I sit in front of the television set and listen to highly paid commentators discussing the latest gaffe by Barack Obama or Hillary Clinton, and I wonder:
Why aren’t they talking more about worldwide food prices?
With wheat up 130 percent and other staples in alarmingly short supply, you would think the United Nations would call an emergency session to find solutions to the worldwide food crisis. But no. The UN was listening to a long and abstract discourse by the Pope.
In my view, every available resource should be focused on the food shortage. Its implications are unimaginably frightening. Forget about oil. We don’t have to drive. But we have to eat.
When the commentators find time to talk about food prices, they blame drought in places like Australia, the increasing use of grain to produce fuel, the rise of demand in places like China and India and spiraling transportation costs resulting from oil speculation.
But when I was a child, we had terrible droughts in St. Elizabeth, and my father, who was an agricultural instructor, went around telling farmers how to combat those conditions. They used a lot of mulch for one thing. In my later years, I heard about a process known as drip irrigation, which apparently can make the desert bloom.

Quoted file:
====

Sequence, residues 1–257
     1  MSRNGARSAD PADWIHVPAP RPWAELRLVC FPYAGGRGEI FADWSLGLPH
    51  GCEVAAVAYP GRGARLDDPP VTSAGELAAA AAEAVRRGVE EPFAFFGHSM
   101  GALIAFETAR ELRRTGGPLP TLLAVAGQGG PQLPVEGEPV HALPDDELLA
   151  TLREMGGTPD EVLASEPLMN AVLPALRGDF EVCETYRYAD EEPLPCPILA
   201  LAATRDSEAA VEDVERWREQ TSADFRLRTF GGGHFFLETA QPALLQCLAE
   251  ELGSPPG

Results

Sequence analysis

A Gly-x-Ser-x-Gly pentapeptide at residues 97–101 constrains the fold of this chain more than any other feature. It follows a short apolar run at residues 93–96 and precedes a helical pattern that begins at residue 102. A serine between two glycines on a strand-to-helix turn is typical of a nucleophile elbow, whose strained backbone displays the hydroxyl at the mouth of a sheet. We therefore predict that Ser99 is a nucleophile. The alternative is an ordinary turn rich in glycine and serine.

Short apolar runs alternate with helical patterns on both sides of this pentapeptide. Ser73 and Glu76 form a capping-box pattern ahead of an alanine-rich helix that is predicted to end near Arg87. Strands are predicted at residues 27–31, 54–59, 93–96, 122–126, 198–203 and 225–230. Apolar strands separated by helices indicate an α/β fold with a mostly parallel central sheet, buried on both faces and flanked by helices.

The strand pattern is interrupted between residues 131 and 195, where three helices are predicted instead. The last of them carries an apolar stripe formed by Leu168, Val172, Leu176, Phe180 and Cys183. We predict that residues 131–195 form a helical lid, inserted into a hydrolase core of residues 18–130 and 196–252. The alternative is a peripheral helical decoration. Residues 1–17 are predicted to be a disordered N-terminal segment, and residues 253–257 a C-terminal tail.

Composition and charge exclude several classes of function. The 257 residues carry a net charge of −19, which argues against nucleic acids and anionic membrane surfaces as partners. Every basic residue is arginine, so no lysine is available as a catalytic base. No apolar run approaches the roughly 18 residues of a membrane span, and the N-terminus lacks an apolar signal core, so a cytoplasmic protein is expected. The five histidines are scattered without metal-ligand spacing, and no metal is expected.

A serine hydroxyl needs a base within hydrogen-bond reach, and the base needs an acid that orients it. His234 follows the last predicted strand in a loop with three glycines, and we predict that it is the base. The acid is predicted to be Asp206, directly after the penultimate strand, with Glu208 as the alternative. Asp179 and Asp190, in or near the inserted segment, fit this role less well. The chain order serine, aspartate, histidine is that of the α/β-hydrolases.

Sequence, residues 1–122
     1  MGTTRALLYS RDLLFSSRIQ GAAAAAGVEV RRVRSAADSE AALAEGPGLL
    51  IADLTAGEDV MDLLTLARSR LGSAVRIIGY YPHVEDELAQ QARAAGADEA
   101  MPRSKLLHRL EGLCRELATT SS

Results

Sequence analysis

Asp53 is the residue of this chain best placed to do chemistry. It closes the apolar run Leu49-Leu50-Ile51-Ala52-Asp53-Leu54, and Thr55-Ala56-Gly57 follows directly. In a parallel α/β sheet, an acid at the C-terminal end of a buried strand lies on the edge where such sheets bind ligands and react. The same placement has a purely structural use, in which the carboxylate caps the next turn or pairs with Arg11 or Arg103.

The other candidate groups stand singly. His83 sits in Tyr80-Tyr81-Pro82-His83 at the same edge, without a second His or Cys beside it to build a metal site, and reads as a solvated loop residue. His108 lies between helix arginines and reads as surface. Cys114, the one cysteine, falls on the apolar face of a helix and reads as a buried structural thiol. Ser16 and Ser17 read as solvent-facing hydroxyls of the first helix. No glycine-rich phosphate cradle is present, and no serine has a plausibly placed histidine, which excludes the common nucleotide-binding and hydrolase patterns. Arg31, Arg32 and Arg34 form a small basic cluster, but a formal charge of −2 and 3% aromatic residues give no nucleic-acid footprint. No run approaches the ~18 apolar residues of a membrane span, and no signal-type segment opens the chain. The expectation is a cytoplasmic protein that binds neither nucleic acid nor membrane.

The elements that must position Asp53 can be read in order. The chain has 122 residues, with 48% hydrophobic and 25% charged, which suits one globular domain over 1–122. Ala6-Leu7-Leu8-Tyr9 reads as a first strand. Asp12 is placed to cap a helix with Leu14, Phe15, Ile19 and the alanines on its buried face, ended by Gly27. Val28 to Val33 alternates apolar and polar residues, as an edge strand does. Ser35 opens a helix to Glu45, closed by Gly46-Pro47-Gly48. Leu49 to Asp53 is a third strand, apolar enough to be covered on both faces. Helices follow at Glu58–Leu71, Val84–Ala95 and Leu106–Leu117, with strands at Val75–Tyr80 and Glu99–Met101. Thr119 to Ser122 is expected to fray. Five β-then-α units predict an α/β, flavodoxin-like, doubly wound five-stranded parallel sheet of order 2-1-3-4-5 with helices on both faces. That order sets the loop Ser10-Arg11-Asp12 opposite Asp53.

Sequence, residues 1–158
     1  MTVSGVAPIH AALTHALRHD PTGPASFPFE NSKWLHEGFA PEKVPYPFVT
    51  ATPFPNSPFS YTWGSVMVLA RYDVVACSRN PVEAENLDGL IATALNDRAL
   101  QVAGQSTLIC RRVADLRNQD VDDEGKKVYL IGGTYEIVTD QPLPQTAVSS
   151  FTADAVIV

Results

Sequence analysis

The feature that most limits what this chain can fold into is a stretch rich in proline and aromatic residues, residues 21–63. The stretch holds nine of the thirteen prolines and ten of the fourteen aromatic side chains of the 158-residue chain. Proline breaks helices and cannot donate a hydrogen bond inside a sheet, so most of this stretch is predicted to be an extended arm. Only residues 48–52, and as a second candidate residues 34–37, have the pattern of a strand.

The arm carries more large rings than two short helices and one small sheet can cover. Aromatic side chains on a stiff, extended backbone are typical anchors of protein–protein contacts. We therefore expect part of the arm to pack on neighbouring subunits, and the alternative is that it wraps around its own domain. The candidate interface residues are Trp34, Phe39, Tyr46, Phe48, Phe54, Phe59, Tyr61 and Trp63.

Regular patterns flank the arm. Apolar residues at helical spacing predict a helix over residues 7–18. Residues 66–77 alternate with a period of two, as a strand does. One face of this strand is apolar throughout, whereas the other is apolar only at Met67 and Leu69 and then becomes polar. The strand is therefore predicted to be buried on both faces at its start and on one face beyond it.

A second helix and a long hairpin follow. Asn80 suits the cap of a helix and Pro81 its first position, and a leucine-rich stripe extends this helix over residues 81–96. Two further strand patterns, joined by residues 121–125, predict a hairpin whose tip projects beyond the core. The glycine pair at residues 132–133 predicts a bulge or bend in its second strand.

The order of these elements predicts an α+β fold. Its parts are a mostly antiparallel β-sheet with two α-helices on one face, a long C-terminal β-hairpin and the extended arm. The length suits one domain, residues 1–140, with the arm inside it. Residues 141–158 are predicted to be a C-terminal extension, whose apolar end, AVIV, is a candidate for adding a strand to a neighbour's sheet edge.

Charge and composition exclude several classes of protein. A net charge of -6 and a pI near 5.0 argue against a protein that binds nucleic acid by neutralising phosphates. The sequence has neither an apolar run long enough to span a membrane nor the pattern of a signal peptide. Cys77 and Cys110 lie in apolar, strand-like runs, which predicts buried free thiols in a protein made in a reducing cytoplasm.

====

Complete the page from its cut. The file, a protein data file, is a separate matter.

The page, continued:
Wheat is grain. Grain is grass. Nothing grows more profusely. When I remember the warehouses full of surplus wheat spread across Canada during the ’50s and ’60s, I just can’t get my mind around the concept of a worldwide shortage of grain. Besides, what happened to the millet in places like India? The rice in places like Guyana? And what kind of land could be so poor that you can’t grow corn and peas?
I am not surprised that demand for food is rising in Asia. How long did we expect those billions of people to satisfy themselves with a bowl of rice a day?
And why can’t we reduce transportation costs by finding ways to produce more food locally instead of depending on shipments from far and wide?
During World War II, Jamaica was blockaded by U-boats. We couldn’t get anything from abroad. We made flour from mango seeds. Gas was rationed so my father put the car on blocks and bought two sturdy horses and a buggy. We kept goats, rabbits and chickens. We sent eggs to the Clackens and they sent us milk from their cows. We got by.
When I went to England in 1951 they still had food rationing. If I remember, we were allowed something like half a pound of beef a week, and so on. They got by. Maybe governments around the world should consider some kind of rationing system for staples like gas and food.
I hear about things like hydroponics and new ways of developing foodstuffs from seaweed. Why isn’t the scientific community concentrating on this kind of research, instead of trying to invent better shampoo and more seductive lipstick?
Surely, if we all put our heads together we could come up with answers to the worldwide food crisis. But we’d better get cracking before it’s too late.